Mumbai: More than
six years after the infamous Aurangabad arms haul case was
detected, a special court here has examined only two of total 247
witnesses named in the charge-sheet, it came to light here
The matter was brought to the attention of Mumbai High Court's
Justice S.C. Dharmadhikari during the bail plea Tuesday of one of
the accused, Abdul Azeem A.J. Shaikh, alias Raja, accused of
parking a car in which the explosives were loaded, his lawyer
Sharif Shaikh said.
"The Bombay High Court has asked the trial court to file a reply
within two weeks clarifying why only two witnesses have been
examined in six years though the hearing was supposed to be
conducted on a day-to-day basis," Shaikh told IANS.
Maharashtra Control of Organised Crime Act (MCOCA) Special Court
Judge S.V. Modak is conducting the trial in the May 2006
Aurangabad arms haul case, in which one of the accused is
suspected Lashkar-e-Taiba activist, Sayed Zabiuddin Ansari, alias
Abu Jundal, who was deported from Saudi Arabia in June 2012.
Five years after the charge-sheet was filed in 2006, in August
2012, the Maharashtra Anti-Terrorism Squad (ATS) framed charges
against the accused in the case, including Azeem.
Arguing for Azeem's bail, Shaikh, representing the accused on
behalf of Jamiat-e-Ulema Maharashtra, said that at this rate, the
trial will go on for decades.
The Aurangabad arms haul case was cracked by the ATS when a team
of sleuths intercepted a Tata Sumo coming from Manmad and bound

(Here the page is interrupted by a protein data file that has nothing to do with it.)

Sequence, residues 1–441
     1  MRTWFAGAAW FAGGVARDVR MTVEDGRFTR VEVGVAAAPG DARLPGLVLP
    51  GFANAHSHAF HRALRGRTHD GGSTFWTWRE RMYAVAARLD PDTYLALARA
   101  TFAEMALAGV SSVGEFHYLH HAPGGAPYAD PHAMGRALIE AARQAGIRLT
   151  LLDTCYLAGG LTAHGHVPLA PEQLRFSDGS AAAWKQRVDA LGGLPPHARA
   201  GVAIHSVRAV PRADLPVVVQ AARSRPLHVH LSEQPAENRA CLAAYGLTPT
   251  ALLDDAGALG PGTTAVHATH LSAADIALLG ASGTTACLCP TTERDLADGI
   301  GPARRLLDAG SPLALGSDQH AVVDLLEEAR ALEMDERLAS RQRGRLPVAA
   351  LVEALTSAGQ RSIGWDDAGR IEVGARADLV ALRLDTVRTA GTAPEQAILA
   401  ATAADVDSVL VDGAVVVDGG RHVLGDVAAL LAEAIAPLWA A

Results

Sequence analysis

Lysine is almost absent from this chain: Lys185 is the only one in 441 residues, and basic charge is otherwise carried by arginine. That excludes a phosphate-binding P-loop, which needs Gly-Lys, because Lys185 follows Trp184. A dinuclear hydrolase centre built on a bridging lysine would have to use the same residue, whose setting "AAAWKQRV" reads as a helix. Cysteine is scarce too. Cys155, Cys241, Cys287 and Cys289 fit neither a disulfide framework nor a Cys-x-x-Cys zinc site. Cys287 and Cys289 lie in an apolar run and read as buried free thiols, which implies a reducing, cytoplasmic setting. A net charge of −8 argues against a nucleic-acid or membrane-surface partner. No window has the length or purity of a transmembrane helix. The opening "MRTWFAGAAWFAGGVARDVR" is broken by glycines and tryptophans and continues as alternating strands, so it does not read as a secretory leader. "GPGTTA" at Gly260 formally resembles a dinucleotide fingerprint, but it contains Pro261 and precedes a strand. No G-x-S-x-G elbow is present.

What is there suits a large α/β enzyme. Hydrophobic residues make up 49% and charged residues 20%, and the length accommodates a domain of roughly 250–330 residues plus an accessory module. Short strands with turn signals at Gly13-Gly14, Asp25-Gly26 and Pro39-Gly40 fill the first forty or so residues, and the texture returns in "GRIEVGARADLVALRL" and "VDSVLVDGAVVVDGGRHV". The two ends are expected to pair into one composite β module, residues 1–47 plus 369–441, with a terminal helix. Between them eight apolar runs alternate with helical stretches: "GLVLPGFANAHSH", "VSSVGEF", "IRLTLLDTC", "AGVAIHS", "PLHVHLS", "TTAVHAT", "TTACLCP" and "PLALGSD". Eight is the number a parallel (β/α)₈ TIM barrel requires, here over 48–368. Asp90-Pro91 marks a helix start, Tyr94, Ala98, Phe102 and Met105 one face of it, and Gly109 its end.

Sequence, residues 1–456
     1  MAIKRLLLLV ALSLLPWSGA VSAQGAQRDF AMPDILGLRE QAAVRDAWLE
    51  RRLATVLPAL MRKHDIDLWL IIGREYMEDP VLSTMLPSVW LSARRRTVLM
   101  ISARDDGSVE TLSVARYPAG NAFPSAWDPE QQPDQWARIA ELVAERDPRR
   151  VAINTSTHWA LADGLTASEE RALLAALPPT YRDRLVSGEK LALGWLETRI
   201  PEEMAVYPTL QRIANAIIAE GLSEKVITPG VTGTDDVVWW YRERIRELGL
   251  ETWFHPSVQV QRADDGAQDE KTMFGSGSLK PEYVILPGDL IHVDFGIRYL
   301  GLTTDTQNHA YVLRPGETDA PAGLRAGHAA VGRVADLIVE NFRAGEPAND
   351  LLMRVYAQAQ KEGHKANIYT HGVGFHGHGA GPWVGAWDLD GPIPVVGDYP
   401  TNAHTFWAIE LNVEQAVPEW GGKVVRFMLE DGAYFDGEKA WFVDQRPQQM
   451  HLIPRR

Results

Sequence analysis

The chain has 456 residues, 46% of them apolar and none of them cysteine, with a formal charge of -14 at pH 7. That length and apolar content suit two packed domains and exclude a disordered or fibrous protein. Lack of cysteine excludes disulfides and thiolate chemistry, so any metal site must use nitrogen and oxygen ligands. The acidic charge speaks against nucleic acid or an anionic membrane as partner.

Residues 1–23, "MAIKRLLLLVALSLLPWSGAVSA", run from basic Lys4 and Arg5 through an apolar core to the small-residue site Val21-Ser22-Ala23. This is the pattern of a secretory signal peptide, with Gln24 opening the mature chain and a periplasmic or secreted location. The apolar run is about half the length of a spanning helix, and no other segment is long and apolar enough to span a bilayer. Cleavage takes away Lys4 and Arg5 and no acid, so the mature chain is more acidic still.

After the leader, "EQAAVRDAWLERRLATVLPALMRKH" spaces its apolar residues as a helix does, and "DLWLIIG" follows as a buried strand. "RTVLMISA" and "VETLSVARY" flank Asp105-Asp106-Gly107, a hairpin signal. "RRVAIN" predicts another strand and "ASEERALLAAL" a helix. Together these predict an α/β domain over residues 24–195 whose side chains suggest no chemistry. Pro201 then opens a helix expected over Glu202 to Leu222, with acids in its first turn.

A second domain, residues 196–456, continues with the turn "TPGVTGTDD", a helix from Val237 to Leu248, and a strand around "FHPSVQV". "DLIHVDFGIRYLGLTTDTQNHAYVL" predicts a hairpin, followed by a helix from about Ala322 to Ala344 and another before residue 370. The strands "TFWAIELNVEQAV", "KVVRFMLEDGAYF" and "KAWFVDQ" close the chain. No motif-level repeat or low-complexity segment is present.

for Aurangabad on May 9, 2006.
After a hot chase, police finally managed to intercept it and nab
one man, Mohammed Amir Shakil Ahmed, while two others escaped.
A search of the vehicle revealed an arms cache of 10 AK-47 army
assault rifles, 40 magazine pouches and 30 kgs black explosives.
Three days later, the ATS intercepted a Tata Indica car without a
registration number near Nashik. Subsequent investigations led
them to recover two boxes of arms from a gutter on the outskirts
A couple of days later, May 14, 2006, the ATS recovered five
computer cabinet boxes from an electrical shop containing five
AK-47 rifles, five packs of 100 cartridges, five packs of 20
magazines, and 13 kg of explosive powder.
Azeem contended that his entire role in what later became famous
as Aurangabad arms haul case was to help park the empty Tata
Indica car in his warehouse, but as its wheel got stuck in the
warehouse door, it was taken to another location in a school
compound at Ramzanpura and then finally outside a mill in Daregaon.
Shaikh said that in the confessional statements of other accused,
they have stated that Azeem helped park the stolen car in his
warehouse - which did not constitute an offence under MCOCA - and
he had no knowledge that it was used in transporting arms and
Accordingly, as no offence has been made out against Azeem by the
prosecution in the case, he was entitled to get bail since he has
been languishing behind bars for more than six years now.